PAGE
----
Title: Re: Will Schedules Change - 2012 Calendar off
Post by: Judy on June 16, 2012, 07:47 AM
I'll be looking forward to the post for weak trees.  I have a cork bark JBP that I did first major work on last winter, and repotted this spring, that does not seem strong enough for candling, but I need to spur back budding on....
Thanks for this thread, it's very concise and clear.
Title: Re: Will Schedules Change - 2012 Calendar off
Post by: John Kirby on June 16, 2012, 09:00 AM
Judy, you should wait. One thing that you can do is take sharp scissors and cut the old needles in half, this lets more light in and is what I do on rough trees. A second approach is to pull (with tweezers or fingers) all of the old needles that grow stright up or grow down on branches- except for the new needles, this will certainly leave the needle buds on the side and give opportunity for candle development. Also, if you have very strong candles at the apex you can cut the strongest ones, but leave the needles. Why don't you post a picture and we can look to see what is going on. Nishiki Pines can be finicky.
Title: Re: Will Schedules Change - 2012 Calendar off
Post by: John Kirby on June 16, 2012, 09:11 AM
Owen, just caught your post. I agree and understand, for my purposes it was best to teach by the standard. The nuances need to be learned in person and with the right material at the right time. Looking forward to seeing the piece.
Title: Re: Will Schedules Change - 2012 Calendar off
Post by: Adair M on June 16, 2012, 10:50 AM
John,

Excellent post about decandling and needle plucking.

I have some questions about the needle plucking:

Plucking as you described destoys the needle bud, does it not?  I saw your advice to Judy where you state to leave some side needles if she wanted to induce some needle buds to develop.  So, I'm thinking that if I have a tree that's earlier in it's refinement, I should leave some side needles so that I might get more interior buds/branches, and the technique you described is for more refined trees.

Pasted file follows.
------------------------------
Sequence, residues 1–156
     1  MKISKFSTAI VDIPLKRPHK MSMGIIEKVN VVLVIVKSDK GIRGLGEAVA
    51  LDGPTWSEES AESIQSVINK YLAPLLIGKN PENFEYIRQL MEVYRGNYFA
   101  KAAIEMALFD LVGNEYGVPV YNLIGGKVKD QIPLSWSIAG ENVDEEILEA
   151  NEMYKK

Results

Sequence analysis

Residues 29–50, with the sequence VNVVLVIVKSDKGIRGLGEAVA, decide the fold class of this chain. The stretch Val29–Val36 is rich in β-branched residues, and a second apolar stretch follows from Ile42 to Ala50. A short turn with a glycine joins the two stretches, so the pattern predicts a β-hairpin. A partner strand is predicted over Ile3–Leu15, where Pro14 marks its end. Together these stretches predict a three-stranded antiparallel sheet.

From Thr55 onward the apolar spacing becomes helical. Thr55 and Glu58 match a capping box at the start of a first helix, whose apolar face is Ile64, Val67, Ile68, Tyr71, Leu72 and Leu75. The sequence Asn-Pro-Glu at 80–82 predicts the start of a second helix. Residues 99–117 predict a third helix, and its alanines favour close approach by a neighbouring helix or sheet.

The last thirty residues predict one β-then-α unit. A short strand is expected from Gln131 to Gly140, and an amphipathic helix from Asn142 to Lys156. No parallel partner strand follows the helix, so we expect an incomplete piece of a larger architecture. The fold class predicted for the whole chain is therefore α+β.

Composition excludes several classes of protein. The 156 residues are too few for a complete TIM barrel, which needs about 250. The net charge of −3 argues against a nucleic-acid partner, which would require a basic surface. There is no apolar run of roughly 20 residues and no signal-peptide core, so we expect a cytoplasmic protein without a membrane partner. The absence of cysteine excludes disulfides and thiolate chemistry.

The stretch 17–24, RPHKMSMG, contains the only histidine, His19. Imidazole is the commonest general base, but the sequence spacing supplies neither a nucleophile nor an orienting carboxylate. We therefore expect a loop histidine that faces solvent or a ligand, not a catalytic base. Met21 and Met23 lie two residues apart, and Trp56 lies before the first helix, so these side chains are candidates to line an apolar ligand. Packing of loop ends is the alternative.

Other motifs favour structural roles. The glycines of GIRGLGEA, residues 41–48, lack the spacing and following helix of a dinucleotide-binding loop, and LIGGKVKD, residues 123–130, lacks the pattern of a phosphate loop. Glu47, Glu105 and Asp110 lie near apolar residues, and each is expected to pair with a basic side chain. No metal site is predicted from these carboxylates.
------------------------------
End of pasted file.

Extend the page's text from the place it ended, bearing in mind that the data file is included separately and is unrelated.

Last fall I plucked all the old needles on a JBP that was pretty rough.  It was nursery stock, and I'm trying to get it to bud back to shorten the branches.  I plucked needles, one at a time, and intentionally left the sheath.  My thinking was that I would allow light in to the center of the tree, but not destroy the needle bud. 

My results?  I did induce a lot of back budding.  But not from where I had plucked needles.  Old dormant "adventitious" buds (Candle base buds) popped.  So I am getting the back budding I wanted.

However, I do see swelling at the locations that where I had plucked needles.  There might be buds developing there, just haven't had time to develop yet.  I will watch to see what happens when I decandle in a couple of weeks.  They may get stimulated to develop then.

I do have Boon's JBP series, and will watch it again before I decandle this year.  But his trees are farther along in their refinement than mine.  It seems there is a difference of what we need to do for fully refined trees vs rougher stock.

Anyway, thanks again for an excellent post.  I'm off to the bonsai shop to pick up my Zelkova I boarded there while I was in Costa Rica.  Yes, I did the canopy zip lines!  EEEYYOOoooowwwwww!  I did manage to avoid the flesh eating bacteria.

Cheers!

Adair
Title: Re: Will Schedules Change - 2012 Calendar off
Post by: John Kirby on June 16, 2012, 12:53 PM
On most black pines, the adventitious buds are the best source for new growth. You pluck the needles the bud dies, you pull needles out one at a time the bud dries up and dies, you cut the needles the bud dries out and dies. The best thing is to get the apical buds really strong (branch and top) fertilize the daylights out of the tree, let the candles run and raise the Auxin levels to really high levels and then cut them off, the energy produced, the release from hormone suppression and the presence of sunlight will kick the adventitious buds right off.